Architects can retire from practice and from insurance premiums

The Straight Line Newsletter — Issue #14

Welcome to the 14th issue of The Straight Line, now a quarterly. Why quarterly? Because things in general – liability insurance in particular – seem to be changing more rapidly than ever, even as many of us, stuck in our makeshift home offices, watch time slowly stroll by.

In This Issue

  • Retirement from Practice Program
    If current circumstances have started you thinking about the long term – retirement or career change, for example – this is a good time for us to remind you that, as a licensed Ontario architect, you are eligible for participation in the Retirement from Practice Program – something that is unique to Pro-Demnity. Whether your retirement is likely to be immediate or far-off, conventional or unconventional, temporary or permanent, or not even on your radar, you are highly encouraged to read the description in this issue.
  • An Introduction to Resources
    At the urging of our readers, we are introducing a new recurring feature designed to help architects navigate the mystifying landscape of professional risk. In this issue, we offer a mini-review of a book that has understandably been gaining the attention of students, interns and professionals: Architect?: A Candid Guide to the Profession, by Roger K. Lewis. Candid it definitely is. Readers are invited to suggest books or other material for inclusion in future issues. Please send your ideas to
  • Ontario Introduces New Construction Restrictions
    “In order to reduce the spread, we are shutting down some non-essential construction like shopping malls, hotels and office towers.” Monte McNaughton, Minister of Labour, Training and Skills Development — April 16, 2021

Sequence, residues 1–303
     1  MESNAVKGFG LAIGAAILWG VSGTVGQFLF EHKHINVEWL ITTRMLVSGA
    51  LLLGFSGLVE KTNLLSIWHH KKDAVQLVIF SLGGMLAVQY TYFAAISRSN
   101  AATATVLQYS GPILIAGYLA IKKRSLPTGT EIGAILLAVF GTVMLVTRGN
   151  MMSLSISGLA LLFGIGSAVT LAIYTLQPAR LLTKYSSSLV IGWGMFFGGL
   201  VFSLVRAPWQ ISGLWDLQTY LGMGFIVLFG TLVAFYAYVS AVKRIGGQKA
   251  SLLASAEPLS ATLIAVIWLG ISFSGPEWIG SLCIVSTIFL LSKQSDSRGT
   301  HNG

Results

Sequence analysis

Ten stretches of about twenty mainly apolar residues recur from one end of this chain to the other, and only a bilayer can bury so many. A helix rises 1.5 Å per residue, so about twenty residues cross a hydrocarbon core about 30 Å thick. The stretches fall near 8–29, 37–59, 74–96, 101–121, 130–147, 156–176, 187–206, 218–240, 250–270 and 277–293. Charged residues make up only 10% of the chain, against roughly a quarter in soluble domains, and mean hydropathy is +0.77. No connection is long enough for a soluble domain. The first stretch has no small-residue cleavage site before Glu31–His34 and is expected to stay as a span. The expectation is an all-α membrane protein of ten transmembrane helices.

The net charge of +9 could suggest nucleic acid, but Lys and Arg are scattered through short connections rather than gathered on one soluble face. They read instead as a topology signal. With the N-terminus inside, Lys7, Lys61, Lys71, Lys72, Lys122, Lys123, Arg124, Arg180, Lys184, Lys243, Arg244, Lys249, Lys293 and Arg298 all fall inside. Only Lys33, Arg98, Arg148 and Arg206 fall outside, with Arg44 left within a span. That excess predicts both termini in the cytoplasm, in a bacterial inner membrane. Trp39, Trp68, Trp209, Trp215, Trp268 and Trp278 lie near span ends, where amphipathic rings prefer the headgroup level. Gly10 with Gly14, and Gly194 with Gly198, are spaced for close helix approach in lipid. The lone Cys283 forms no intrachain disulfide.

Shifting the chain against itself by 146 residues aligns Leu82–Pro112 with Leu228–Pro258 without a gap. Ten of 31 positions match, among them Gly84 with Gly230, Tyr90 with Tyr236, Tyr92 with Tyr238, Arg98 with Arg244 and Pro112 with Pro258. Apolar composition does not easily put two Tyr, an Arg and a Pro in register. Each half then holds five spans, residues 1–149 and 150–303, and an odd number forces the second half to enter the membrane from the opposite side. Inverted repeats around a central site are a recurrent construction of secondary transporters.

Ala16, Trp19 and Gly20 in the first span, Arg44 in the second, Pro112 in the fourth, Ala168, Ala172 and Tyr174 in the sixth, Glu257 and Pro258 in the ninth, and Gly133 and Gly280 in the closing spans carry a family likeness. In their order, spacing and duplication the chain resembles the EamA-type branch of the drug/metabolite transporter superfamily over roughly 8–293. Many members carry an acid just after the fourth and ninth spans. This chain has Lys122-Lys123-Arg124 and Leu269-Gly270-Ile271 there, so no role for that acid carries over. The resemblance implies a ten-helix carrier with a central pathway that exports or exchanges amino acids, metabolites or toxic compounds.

Architects Can Retire… from practice and from insurance premiums 

For some of us, the past year has felt like some form of enforced retirement, if by “retirement” we mean not having to face rush hour traffic every day, having time to walk the dog, chat with the neighbours, read a few novels – in other words, a few of the good things about retirement. Which may have gotten us thinking: What happens when I retire for real? And what about the not-so-good things?

As architects in Ontario insured by Pro-Demnity, we have a unique program that gives us one less thing to concern us. It’s called Retirement from Practice Coverage, and, according to our last members’ survey, some policyholders appear to be a little unclear (some entirely in the dark) about what it is and how it works. We hope that this issue of The Straight Line will help clear things up.


First of all, “retirement” isn’t just for older practitioners. It doesn’t mean throwing away your appointments calendar, buying a sailboat, and leaving the rest of the world behind. In this case, retirement may simply mean that you are pursuing a different path. The Coverage gives you the freedom to change your career and move on from your practice, with Pro-Demnity still at your back.

The details of the plan are not complicated. The Coverage benefits individual members of the OAA (current or former) who have surrendered their Certificate of Practice and are employed by another licence holder, have moved on to greener pastures in an unrelated field, or have simply retired in the conventional sense.

The Retirement from Practice Program is unique to Pro-Demnity, providing eligible retired current and former OAA members with professional liability insurance coverage for the remainder of their lifetimes, and for six years after death for estate resolution purposes. For those current or former OAA members who retired prior to January 1, 2003, the Pro-Demnity Retirement from Practice Program replaces similar coverage previously offered through the OAA Indemnity Plan.